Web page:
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J Assoc Res Otolaryngol. 2016 Dec;17(6):493-523. Epub 2016 Oct 17.

Application of Mouse Models to Research in Hearing and Balance.

Author information

1
Department of Otolaryngology, Central Institute for the Deaf, Fay and Carl Simons Center for Hearing and Deafness, Washington University School of Medicine, 660 S. Euclid, Saint Louis, MO, 63110, USA. kohlemiller@wustl.edu.
2
Department of Special Education and Communication Disorders, University of Nebraska-Lincoln, Lincoln, NE, 68583, USA.
3
The Jackson Laboratory, Bar Harbor, ME, 04609, USA.

Abstract

Laboratory mice (Mus musculus) have become the major model species for inner ear research. The major uses of mice include gene discovery, characterization, and confirmation. Every application of mice is founded on assumptions about what mice represent and how the information gained may be generalized. A host of successes support the continued use of mice to understand hearing and balance. Depending on the research question, however, some mouse models and research designs will be more appropriate than others. Here, we recount some of the history and successes of the use of mice in hearing and vestibular studies and offer guidelines to those considering how to apply mouse models.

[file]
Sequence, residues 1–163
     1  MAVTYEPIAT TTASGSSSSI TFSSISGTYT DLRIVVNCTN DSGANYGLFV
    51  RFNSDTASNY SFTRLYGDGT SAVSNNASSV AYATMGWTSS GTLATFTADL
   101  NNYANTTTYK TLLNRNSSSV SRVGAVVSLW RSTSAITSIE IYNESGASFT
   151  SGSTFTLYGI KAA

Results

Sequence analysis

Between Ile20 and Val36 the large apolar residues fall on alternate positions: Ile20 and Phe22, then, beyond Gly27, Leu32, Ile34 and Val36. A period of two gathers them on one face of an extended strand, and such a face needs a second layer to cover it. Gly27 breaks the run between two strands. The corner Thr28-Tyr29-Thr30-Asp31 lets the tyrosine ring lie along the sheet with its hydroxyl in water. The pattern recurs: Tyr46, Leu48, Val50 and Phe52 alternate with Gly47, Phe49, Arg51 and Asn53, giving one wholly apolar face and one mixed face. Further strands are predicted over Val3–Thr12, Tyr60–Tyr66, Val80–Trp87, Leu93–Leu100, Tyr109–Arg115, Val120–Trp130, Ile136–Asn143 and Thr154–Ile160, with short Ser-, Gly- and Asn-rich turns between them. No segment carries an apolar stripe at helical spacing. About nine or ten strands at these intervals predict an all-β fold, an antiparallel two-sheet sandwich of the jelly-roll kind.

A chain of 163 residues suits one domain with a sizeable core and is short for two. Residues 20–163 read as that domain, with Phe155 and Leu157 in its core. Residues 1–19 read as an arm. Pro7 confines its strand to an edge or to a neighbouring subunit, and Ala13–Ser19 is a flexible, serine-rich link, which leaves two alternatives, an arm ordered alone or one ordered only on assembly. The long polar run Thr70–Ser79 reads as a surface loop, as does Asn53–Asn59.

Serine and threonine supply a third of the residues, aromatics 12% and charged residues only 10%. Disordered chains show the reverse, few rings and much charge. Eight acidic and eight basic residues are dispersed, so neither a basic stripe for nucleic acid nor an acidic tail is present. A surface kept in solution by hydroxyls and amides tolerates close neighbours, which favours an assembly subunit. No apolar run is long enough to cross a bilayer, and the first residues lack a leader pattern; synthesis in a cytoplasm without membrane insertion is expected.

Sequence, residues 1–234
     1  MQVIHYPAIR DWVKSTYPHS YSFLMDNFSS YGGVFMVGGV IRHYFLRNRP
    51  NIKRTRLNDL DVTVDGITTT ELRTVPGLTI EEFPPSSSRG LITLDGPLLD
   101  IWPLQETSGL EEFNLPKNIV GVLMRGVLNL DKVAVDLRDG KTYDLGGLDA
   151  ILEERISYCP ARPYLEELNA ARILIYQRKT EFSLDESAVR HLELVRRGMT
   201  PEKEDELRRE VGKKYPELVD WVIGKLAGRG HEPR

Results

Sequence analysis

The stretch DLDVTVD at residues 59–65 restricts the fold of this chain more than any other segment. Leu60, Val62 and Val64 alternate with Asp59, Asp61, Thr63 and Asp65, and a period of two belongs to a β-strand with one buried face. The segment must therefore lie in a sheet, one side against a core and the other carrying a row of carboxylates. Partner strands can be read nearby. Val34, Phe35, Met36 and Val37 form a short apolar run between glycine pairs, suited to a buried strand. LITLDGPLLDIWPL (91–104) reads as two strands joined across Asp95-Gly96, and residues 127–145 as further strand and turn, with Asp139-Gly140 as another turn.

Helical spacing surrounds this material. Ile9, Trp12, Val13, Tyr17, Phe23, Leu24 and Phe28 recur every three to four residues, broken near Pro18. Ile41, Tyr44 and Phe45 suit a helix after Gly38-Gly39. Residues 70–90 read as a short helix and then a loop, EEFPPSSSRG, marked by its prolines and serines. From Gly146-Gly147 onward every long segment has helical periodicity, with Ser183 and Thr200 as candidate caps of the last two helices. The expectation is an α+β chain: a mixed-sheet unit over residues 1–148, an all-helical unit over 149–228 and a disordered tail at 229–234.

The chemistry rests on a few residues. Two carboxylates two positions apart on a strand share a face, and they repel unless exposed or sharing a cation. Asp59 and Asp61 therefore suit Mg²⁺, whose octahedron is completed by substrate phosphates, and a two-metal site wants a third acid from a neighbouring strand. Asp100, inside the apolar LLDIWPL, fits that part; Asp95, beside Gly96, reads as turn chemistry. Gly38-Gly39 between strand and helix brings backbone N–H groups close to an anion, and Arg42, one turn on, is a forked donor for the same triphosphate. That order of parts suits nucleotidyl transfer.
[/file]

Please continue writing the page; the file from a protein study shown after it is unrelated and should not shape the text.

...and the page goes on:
KEYWORDS:

age-related hearing loss; ampullae; auditory neurons; cochlea; deafness; genetic hearing loss; hair cells; inbred; knockout; lateral wall; maculae; mice; noise-induced hearing loss; outbred; presbycusis; recombinant inbred; saccule; semicircular canal; stria vascularis; utricle; vestibular; vestibular testing

PMID:
27752925
PMCID:
PMC5112220
DOI:
10.1007/s10162-016-0589-1
[Indexed for MEDLINE]
Free PMC Article

Conflict of interest statement

Compliance with Ethical Standards Funding Agencies KKO: Washington University Medical School Department of Otolaryngology SAJ: Nebraska Tobacco Settlement Biomedical Research Foundation KRJ: NIH NIDCD RO1 DC004301, R01 DC005827

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